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I have a guesthouse with an unusual door, 32" x 76", and it needs a screen door.

Home Depot has tons of cheap-o screen doors that could be cut down to maybe 32" x 78" safely, but an additional two inches will probably cost my screen door structural integrity.

I've thought about building a screen door, but -- well, I lack some of the tools I think I'd need, namely: a planer, a joiner, and mortise and tenon jigs. I have a table saw, but it's disassembled and I have no where to actually run it. I do have a circular saw, a router, a jigsaw, a miter saw (chop saw), and a hand drill (all electric).

I could order a custom screen door for $250-300, but I can't believe there isn't a less expensive solution out there. I spent $300 for the door itself -- and can't believe I should have to spend another $300 just for a screen door.

Most of the plans I've found on the net require tools I don't have, and are overly complicated for my guesthouse's needs.

Here are a couple of possibilities, and I'd really love your feedback:

  1. Could I accomplish what I want with just some pegs and maybe a couple of L-brackets? Or will that be too weak with the constant slamming of the door?
  2. Is there a simple way to construct a mortise and tenon jig that would enable me to use only my router and maybe a drill for this project?
  3. Am I missing some other obvious option?

Where are you when I need you, MacGyver? ("macgyver" should really be a tag here on diy.)

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I actually did find it to be of use! If I said something rude, I apologize. Could you please put it back? –  mohawkjohn Jun 3 '13 at 20:28
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@mike - deleting the answer is not appropriate in this case. If you really don't want the answer associated with your account then steps can be taken. –  ChrisF Jun 4 '13 at 7:47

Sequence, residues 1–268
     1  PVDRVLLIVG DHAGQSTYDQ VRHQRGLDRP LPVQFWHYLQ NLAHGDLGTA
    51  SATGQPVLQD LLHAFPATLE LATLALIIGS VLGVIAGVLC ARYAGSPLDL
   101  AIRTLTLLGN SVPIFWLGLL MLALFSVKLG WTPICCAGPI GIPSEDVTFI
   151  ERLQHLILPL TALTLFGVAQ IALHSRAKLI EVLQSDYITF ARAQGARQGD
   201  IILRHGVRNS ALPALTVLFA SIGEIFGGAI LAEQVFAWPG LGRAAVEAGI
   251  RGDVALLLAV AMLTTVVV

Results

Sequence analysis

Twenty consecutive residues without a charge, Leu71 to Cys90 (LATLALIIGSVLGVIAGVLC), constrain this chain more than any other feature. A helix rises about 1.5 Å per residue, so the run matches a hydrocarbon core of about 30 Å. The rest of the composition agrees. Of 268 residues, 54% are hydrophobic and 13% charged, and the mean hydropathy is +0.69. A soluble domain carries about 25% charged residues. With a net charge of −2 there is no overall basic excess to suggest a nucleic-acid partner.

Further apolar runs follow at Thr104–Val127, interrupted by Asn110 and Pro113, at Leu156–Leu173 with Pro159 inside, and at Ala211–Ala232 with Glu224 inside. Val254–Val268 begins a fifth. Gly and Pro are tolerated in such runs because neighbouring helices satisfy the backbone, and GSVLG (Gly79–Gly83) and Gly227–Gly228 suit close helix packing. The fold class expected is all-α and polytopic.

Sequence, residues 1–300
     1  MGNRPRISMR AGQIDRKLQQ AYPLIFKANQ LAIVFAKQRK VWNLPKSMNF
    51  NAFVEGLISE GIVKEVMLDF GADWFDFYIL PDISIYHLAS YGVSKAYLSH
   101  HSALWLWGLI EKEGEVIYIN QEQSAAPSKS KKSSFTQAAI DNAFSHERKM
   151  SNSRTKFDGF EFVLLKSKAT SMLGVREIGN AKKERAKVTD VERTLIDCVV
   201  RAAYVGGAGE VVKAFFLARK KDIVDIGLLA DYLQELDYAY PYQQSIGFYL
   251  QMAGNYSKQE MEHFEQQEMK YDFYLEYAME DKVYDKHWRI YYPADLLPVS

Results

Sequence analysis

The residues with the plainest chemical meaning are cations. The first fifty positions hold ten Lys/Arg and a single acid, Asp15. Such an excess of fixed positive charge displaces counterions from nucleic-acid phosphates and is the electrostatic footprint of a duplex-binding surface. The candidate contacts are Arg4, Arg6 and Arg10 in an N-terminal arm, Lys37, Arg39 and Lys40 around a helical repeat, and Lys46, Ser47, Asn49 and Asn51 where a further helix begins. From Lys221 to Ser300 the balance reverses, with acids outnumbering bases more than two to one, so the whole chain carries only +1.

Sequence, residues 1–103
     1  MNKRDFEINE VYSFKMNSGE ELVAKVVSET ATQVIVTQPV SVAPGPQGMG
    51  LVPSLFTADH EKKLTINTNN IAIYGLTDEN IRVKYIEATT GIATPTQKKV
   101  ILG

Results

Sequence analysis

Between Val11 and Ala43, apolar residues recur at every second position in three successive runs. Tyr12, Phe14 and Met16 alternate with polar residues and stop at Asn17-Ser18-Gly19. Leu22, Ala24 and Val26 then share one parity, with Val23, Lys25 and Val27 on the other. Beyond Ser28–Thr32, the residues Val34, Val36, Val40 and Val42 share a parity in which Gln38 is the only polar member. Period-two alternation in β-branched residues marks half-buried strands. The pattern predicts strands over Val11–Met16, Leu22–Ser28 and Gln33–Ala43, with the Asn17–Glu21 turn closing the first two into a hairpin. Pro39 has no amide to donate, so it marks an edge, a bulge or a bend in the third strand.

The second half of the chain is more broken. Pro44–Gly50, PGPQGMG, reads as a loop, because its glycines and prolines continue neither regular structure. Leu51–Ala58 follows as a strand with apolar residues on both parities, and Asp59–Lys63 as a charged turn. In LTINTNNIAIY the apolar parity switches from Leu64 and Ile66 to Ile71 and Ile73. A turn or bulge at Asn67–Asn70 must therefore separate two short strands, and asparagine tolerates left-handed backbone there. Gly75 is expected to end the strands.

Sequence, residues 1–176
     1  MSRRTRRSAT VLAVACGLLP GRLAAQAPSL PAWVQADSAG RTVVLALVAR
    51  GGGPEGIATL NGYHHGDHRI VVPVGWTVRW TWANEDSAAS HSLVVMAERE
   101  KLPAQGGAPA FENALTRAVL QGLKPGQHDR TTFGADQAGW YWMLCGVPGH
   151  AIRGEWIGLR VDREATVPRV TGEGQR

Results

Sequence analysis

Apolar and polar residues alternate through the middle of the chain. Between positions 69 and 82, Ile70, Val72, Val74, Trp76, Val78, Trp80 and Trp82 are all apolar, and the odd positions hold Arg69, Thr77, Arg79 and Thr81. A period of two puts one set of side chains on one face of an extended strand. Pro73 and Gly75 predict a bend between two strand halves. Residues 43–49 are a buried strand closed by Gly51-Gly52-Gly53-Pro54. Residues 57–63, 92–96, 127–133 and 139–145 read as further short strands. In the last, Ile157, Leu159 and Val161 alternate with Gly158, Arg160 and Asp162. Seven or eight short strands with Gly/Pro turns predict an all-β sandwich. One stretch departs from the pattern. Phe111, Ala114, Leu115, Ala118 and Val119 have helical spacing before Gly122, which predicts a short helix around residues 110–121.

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4 Answers 4

Personally, I'd get the table saw a portable folding stand, you can do basically everything you need with the tablesaw and can build any of the jigs you need.

You could also do most of the work with your circ saw and router but getting the wood to the correct dimensions is going to be easier with a table saw since you don't have a planer or jointer.

Instead of mortise and tenon, look at doing half laps for the corner joints and for a support brace or two across the middle. You can probably get some nice looking metal braces to strengthen up the corners as well. You should be able to do half laps using your circ saw or router. You can also profile all the edges with the router to making look nice.

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I would use a prebuilt screen door and cut out section of rail with screen and reattach with dowels and glue

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Am I missing some other obvious option?

Mortise and tenon joints will be stronger but no need to spend that much money for all those tools to make a simple screen door. You can get away with a drill and a miter box.

Make the door using either glue and pocket hole joints or dowel joints. The materials to actually make the door are pretty cheap. If it falls apart in half the time a mortise and tenon door would you can make a new one.

You can cut mortise and tenons by hand. The tenons on the rails are easy to cut with a hand saw. You can drill out the tenons in the stiles with a drill and clean them up with a chisel. It's not like you have that many to do.

You mentioned you have a router you can use that as well. Here's a video on making mortises with a router.

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Plans for a screen door were published in the August 2010 issue of Woodworker's Journal, if that helps at all. Try libraries and/or see if you can find someone who'd lend you their copy.

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